Wheat breeding for the past century has focused almost exclusively on high-yielding varieties suited to the climates of the Midwest and West, not to New England. Due to our thin and rocky soils, hilly lands, and increasingly wet summers, Vermont wheats don’t have the easy virtues of wheats grown in the Midwest; one might kindly describe them as developmentally challenged. For a long time, this served as an impediment to bakers, and breads were rarely baked exclusively from Vermont grains.

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  • Celebrate with “Vermatzah”

    Celebrate with “Vermatzah”

    Matzah has been used for centuries to celebrate Passover and the start of spring. Now it can be used to celebrate local wheat and heritage grains, too.

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  • A Farmhouse Feeds Its Neighbors

    A Farmhouse Feeds Its Neighbors

    When Joseph Kiefer and Martin Kemple founded Food Works in 1987, phrases such as “food security” and “local food system” had yet to come into common parlance. It was ambitious—maybe even radical at the time—to think of using gardens and locally grown food to address the root causes of childhood hunger.

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  • A Nose to Tail Heart to Heart

    A Nose to Tail Heart to Heart

    If I seem a little distracted, it’s most likely because I have to finish an order of cow’s tongue, warm up a duck’s heart, or explain the difference between fat-back and bacon to a curious but suspicious patron. It’s not that I don’t want to sit and talk—I’d love to have a beer with you, talk about where our ingredients come from, let you know that the rabbits really do like to be fed carrots, note the difference between Muscovy and Peking duck. It’s just that right now, there’s a couple in front of the Belgian taps who are waiting on their cheese plate. Be right back…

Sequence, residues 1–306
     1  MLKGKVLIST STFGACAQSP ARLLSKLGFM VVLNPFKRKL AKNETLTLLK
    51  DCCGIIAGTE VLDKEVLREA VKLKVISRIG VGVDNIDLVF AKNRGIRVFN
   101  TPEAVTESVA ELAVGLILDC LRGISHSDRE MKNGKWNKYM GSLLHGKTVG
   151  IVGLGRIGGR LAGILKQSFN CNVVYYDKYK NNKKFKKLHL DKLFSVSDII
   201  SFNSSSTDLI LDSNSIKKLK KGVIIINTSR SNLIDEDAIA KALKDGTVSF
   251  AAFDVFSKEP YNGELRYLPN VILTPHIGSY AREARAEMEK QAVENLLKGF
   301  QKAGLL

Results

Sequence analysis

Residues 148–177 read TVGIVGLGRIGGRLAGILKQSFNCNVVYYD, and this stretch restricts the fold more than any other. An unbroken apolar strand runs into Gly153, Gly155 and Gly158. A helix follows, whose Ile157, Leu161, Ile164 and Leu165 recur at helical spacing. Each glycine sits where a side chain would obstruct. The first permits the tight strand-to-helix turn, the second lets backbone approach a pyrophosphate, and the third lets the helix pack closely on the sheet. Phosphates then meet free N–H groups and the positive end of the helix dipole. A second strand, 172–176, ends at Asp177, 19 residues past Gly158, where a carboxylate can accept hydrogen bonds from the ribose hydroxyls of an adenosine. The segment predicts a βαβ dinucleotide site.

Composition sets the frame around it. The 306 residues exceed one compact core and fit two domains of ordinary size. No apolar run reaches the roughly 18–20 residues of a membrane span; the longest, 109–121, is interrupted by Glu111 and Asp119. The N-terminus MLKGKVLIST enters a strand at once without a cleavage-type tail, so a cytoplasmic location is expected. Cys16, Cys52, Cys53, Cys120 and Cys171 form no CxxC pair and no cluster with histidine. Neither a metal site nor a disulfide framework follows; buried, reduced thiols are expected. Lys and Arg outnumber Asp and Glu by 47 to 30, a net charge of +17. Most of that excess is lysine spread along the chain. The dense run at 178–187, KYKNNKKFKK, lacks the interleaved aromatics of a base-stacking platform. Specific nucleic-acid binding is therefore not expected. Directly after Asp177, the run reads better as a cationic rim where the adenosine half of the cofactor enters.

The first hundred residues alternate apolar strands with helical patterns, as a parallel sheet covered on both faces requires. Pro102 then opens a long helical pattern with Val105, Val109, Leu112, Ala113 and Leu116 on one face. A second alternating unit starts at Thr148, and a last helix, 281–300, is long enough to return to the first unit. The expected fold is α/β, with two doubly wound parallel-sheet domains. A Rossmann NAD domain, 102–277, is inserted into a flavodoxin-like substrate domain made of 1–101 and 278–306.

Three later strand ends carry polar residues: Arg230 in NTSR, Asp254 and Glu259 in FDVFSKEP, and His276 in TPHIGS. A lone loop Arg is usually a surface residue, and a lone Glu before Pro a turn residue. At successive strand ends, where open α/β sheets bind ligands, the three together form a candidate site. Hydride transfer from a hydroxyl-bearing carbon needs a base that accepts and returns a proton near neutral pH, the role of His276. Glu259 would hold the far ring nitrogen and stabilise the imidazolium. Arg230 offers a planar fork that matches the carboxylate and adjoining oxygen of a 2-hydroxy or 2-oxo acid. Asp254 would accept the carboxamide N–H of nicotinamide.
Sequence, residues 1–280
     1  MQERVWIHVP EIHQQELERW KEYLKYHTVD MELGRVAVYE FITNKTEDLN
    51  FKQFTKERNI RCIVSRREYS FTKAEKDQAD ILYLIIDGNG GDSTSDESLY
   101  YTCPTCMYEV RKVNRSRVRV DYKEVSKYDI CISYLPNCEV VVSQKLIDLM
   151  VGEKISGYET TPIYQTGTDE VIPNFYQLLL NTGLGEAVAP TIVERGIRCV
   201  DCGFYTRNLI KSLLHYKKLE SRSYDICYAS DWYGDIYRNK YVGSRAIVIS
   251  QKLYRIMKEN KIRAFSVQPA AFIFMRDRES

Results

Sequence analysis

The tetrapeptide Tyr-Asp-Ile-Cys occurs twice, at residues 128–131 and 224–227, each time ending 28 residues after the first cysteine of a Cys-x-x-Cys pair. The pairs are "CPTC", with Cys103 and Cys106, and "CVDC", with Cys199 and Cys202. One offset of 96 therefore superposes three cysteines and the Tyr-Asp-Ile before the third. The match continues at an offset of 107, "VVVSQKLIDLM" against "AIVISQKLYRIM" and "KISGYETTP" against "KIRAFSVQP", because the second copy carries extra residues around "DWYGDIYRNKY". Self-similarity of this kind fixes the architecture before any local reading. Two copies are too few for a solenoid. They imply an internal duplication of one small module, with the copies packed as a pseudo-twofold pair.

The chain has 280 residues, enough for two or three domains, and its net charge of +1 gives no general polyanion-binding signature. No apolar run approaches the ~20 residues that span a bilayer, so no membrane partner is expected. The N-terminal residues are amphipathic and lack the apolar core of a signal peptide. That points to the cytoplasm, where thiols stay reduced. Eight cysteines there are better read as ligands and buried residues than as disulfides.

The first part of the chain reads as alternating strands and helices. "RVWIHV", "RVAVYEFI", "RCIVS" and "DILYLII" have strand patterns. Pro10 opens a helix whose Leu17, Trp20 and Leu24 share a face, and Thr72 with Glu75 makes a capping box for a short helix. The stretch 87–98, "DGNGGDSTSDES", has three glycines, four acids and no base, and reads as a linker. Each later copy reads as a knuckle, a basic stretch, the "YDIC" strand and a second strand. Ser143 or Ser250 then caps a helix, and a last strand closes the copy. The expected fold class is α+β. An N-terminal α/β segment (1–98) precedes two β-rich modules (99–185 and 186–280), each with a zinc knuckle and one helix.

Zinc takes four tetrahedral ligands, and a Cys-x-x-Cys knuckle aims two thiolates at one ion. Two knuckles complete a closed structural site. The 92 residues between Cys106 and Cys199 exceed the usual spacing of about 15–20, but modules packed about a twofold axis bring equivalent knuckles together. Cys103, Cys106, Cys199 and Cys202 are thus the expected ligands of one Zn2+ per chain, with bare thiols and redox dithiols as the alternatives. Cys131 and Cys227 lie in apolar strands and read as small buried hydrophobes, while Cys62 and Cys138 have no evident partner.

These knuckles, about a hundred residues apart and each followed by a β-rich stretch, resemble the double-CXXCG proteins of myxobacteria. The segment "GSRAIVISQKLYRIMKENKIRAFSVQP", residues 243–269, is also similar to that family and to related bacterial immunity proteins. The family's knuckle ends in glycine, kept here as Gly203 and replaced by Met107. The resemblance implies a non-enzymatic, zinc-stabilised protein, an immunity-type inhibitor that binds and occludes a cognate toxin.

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  • Farmers' Kitchen—Seeing Purple

    Farmers' Kitchen—Seeing Purple

    Many people mark the arrival of spring with the sighting of the first robin. On our farm, the true harbinger of spring is the sight and taste of the first asparagus that noses its way out of the ground. Growing outdoors is a challenge for all farmers in the Northeast Kingdom—where, as the saying goes, one is never sure if a July frost indicates the last frost of spring or the first frost of fall. Asparagus means that spring not only has arrived but is here to stay, a cause for celebration.

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  • Last Morsel—A Perfect Day

    Last Morsel—A Perfect Day

    Each year, Monkton Central School in the Champlain Valley holds its annual Farming in Monkton Writing Contest. Students in grades 3 to 6 are invited to write a sketch about farming, and entries are evaluated by a local judge. Following is the 2009 winning entry, written by 11-year-old Ashley Turner. It’s a fictional account, based on her real-life experiences on various Monkton farms.